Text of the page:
Supreme Court Says “Yes” To Important Case

( The US Supreme Court agreed on Monday to hear the Securities and Exchange Commission’s attempt to block a challenge to the constitutionality of its in-house tribunal. The suit was filed by a Texas accountant who was disciplined by the agency after her audits of publicly traded companies were found to be deficient.

The Supreme Court heard the SEC’s appeal of a lower court verdict that reinstated CPA Michelle Cochran’s challenge. The lower court rejected the SEC’s argument that Cochran could not challenge the legality of the tribunal’s judges in federal court until the completion of the SEC’s administrative enforcement case against her under the Securities Exchange Act.

Cochran’s argument is comparable to that of Taser producer Axon Enterprise Inc, which is fighting an antitrust complaint brought against it by the Federal Trade Commission. In January, the Supreme Court agreed to hear Axon’s appeal of a lower court decision that dismissed its challenge to the FTC’s structure.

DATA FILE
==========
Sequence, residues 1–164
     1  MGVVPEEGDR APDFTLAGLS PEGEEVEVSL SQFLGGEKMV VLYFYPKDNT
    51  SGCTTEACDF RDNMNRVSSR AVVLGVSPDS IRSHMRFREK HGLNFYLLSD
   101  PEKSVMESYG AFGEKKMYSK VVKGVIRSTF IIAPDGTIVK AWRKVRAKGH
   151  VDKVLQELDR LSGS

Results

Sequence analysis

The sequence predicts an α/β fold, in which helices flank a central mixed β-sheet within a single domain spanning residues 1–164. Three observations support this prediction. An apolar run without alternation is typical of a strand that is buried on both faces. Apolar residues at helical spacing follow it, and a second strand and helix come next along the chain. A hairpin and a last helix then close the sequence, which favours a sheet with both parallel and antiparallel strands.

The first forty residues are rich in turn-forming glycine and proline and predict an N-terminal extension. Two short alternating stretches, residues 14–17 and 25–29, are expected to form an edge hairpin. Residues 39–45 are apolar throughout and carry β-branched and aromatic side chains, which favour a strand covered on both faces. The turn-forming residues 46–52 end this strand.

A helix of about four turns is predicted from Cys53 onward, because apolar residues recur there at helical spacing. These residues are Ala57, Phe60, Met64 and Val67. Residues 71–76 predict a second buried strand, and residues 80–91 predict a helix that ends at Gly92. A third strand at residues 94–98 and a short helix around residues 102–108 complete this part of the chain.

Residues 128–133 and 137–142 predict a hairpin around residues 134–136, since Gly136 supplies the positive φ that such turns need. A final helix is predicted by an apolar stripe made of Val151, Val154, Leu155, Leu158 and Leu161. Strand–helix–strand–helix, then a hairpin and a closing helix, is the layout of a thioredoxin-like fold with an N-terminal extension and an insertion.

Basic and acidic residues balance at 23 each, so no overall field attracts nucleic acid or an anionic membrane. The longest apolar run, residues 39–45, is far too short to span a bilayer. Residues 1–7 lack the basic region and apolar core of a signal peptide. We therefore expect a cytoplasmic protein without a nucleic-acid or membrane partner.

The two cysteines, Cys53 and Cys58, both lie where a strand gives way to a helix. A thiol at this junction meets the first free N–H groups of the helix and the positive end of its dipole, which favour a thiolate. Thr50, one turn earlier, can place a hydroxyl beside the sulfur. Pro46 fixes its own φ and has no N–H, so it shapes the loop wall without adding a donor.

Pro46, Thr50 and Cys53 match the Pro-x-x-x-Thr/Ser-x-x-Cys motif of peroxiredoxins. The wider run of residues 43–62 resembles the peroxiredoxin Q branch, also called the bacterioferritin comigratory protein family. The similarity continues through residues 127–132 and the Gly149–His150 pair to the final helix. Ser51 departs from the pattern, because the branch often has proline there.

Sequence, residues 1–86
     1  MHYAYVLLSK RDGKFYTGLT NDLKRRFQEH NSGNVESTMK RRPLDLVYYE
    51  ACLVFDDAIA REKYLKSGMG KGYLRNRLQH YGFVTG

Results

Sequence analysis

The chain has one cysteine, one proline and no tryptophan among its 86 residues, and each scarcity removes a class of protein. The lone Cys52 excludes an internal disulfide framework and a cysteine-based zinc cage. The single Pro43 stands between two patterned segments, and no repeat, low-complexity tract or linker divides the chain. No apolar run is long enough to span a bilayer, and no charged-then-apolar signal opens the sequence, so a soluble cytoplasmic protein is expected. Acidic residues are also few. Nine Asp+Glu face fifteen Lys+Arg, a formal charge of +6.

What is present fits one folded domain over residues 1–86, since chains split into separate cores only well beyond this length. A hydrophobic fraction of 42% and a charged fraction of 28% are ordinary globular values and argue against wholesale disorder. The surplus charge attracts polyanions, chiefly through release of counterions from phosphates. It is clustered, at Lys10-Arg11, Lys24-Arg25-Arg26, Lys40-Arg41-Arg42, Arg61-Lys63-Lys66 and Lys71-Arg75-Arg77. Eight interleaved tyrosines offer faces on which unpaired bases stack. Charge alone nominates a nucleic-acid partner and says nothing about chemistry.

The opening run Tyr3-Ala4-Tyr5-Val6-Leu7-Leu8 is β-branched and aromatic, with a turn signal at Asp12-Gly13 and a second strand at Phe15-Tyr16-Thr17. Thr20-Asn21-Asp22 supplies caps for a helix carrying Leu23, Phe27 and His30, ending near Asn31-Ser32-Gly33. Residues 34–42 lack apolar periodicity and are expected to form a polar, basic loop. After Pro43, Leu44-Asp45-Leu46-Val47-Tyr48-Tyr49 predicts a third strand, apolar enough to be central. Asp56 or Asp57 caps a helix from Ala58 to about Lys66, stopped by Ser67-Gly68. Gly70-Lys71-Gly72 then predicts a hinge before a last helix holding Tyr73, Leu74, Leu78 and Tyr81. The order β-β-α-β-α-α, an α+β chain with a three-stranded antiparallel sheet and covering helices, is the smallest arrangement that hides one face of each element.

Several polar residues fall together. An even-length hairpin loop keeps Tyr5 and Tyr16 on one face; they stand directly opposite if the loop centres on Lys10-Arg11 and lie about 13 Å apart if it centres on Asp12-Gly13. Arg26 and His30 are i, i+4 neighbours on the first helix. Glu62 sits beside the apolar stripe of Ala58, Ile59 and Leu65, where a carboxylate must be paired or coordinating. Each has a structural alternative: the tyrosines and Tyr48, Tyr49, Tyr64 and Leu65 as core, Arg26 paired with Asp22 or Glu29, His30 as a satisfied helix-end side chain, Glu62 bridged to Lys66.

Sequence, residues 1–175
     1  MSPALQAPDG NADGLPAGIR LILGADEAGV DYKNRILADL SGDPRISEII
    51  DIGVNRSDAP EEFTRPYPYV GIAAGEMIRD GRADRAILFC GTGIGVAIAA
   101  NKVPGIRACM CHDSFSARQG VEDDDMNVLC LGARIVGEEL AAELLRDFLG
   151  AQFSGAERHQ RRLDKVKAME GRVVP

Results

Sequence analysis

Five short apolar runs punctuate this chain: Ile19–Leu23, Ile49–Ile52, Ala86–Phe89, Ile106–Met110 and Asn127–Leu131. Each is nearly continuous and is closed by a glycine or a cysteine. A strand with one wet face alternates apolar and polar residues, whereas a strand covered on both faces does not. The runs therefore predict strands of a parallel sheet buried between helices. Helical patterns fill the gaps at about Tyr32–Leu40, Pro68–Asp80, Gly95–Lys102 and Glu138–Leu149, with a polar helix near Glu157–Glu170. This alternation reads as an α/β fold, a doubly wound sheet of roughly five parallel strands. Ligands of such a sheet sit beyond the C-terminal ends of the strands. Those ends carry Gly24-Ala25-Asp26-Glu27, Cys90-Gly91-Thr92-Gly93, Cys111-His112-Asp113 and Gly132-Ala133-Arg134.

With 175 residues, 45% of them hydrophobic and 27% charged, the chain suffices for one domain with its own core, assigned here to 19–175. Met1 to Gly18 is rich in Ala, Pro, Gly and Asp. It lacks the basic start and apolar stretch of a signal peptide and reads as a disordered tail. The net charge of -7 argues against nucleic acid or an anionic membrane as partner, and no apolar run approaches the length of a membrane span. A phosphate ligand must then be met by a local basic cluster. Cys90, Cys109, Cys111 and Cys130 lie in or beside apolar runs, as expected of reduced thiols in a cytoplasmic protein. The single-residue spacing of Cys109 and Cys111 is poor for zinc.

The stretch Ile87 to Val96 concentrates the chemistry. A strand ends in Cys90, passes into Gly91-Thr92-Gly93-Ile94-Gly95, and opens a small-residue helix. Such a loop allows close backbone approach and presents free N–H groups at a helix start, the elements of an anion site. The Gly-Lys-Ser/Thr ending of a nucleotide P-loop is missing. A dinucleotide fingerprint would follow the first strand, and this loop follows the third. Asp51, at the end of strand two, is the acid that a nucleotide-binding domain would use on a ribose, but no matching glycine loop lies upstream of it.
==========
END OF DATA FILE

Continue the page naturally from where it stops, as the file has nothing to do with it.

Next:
Cochran was fined $22,500 and barred from practicing accounting before the SEC for five years after an SEC court ruled she violated auditing standards in violation of the Securities Exchange Act in 2017. The Securities and Exchange Commission noted shortcomings in her audits of publicly listed corporations.

In 2019, Cochran filed a lawsuit against the SEC, claiming that its in-house judges, who enforce investor protection laws and regulations, have job protections that unlawfully shield them from the president’s power to control executive branch officers under Article II of the United States Constitution.

The SEC reversed its ruling against Cochran and assigned her case to a new, legally appointed judge after the Supreme Court determined in 2018 that the manner the SEC’s judges were selected violated the Constitution.

Cochran’s case was dismissed by a federal court in Texas, which found that the Securities Exchange Act deprives her of the authority to consider current SEC enforcement procedures challenges. The issue was revived after the 5th U.S. Circuit Court of Appeals in New Orleans disagreed, causing President Joe Biden’s administration to file an appeal with the Supreme Court.